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Karzai Vows to Crack Down On Warlords, Drug Dealers

Afghan President Offers Amnesty to Taliban Fighters, Loyalists

By Keith B. Richburg
Washington Post Foreign Service
Friday, November 5, 2004; Page A14

KABUL, Afghanistan, Nov. 4 -- In his first public comments since handily winning Afghanistan's first democratic election, President Hamid Karzai promised Thursday to assemble a "representative" government. But he said he did not feel bound to offer top cabinet positions to his defeated rivals, and he vowed that drug dealers and militia commanders would have no part in the new Afghanistan.

"The Afghan people have voted for a government based on laws, based on institutions, and that is what we are going to provide for them," said Karzai, who was officially declared the winner Wednesday after a protracted vote count and an investigation of alleged fraud at the polls. The election was held Oct. 9.


Afghan President Hamid Karzai, center, with two of his vice presidents, Ahmed Wali Massoud, left, and Karim Khalili. (Ahmad Masood -- Reuters)

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Video: Newly elected Afghan President Hamid Karzai addresses reporters.

Asked if his new government would be rid of the "warlords and drug money" that have tainted his interim administration, Karzai was adamant. "There will not be any private militia forces in Afghanistan. That's the first demand of the Afghan people," he said. "There will definitely, definitely not be any drug thing in Afghanistan."

But the Afghan president did make an amnesty offer to fighters and supporters of the defeated Taliban movement, some of whom have been waging an insurgency against Afghan and U.S. troops from havens in neighboring Pakistan. He said thousands of Taliban loyalists were welcome to return, except for the handful linked to al Qaeda or terrorist acts.

"We would like all Afghans to come and participate in the rebuilding of this country -- all Afghans. The Taliban as well. There are a few of them, maybe 50 to a hundred of them, that have an association with al Qaeda or terrorism, or have committed crimes against the people -- they are not welcome," Karzai said. "The rest . . . are welcome to participate in the making of this country."

Karzai pledged to make security "our first priority." He spoke on the grounds of his fortified palace, surrounded by private American guards carrying assault rifles -- a reminder that even as this country enters a new, democratic phase, security is far from assured. The president has already survived at least two apparent attempts on his life.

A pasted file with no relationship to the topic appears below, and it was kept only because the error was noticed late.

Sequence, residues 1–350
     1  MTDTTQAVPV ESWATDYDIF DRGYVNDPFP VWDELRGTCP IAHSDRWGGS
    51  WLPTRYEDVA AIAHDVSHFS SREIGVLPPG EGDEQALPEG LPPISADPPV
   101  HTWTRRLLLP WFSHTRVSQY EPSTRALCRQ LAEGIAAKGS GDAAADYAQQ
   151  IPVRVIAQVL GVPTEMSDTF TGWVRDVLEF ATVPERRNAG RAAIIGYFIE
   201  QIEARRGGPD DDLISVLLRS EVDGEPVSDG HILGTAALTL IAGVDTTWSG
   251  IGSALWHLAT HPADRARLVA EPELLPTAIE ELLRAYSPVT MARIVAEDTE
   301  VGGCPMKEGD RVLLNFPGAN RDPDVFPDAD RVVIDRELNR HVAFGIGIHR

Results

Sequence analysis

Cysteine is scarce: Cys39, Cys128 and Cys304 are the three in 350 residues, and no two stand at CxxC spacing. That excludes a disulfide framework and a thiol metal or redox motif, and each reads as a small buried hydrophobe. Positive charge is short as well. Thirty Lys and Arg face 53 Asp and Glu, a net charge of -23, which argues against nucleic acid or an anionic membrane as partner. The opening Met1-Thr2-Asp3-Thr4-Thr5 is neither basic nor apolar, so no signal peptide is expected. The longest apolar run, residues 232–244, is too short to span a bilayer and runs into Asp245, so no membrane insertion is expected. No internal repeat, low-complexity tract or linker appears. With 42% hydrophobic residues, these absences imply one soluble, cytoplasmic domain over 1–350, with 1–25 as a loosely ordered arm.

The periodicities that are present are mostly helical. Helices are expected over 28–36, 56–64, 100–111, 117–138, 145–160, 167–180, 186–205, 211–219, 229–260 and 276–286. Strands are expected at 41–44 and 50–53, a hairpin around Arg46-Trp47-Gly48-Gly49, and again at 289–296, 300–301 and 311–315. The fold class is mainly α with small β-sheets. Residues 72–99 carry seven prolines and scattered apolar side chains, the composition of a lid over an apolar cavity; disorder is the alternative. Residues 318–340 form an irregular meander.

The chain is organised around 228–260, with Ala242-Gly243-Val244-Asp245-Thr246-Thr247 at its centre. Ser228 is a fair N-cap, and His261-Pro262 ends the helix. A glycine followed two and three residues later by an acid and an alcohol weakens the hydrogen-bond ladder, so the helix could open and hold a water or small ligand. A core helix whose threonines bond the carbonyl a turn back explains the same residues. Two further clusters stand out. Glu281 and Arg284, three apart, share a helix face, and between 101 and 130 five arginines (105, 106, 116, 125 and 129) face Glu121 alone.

Another reminder of the tense situation was the unresolved fate of three foreign U.N. workers, kidnapped more than a week ago by a Taliban splinter group. The group, Jaish-e-Muslimeen, or Army of Muslims, has threatened to kill the three if Taliban and al Qaeda prisoners were not freed from U.S. military jails. The kidnappers originally set a Wednesday deadline but have extended it through Friday while they negotiate with a government intermediary.

Karzai did not comment on the hostage situation, except to say, "We hope, with the help of God, that we have success in releasing them." Diplomatic sources said one of the three being held, Annetta Flanigan, who holds joint British and Irish citizenship, was seriously ill and in need of immediate medical attention.

Karzai has served as interim president since being appointed by an international conference near Bonn shortly after the Taliban was driven from power in late 2001. As part of the Bonn accord, Karzai formed a coalition government with regional power bosses and local militia commanders. These warlords, as they are called, fought against the Taliban, but some were implicated in human rights abuses, corruption and drug trafficking.

Karzai at first moved gingerly against the militia leaders despite international pressure to curb their powers. But many Afghan and foreign analysts said Karzai's commanding election victory -- he won 55.4 percent of the vote over 17 rivals -- gives him the legitimacy and mandate to move aggressively to disarm militia commanders.

Karzai's political strength was reinforced Wednesday, when a group of his opponents pledged to accept him as the winner, despite lingering concerns about scattered irregularities at the polls.

"For me, Afghanistan's national interests are the most important," said Yonus Qanooni, the former interior and education minister, who finished second with 16 percent of the vote. "If we don't accept the result, the country will go toward a crisis."

A spokesman for Gen. Abdurrashid Dostum, an Uzbek militia leader who also ran for president, said that the public had a "historical desire" for elections and that it was "good that Afghans will now live through ballots and not bullets."

While the election confirmed support for Karzai, a Pashtun, the results underscored ethnic and regional divisions in the country. Qanooni, a Tajik, won heavily in Tajik areas; Dostum scored strongly in Uzbek areas; and another ex-militia leader, Mohamed Mohaqiq, won a majority in his ethnic Hazara community.


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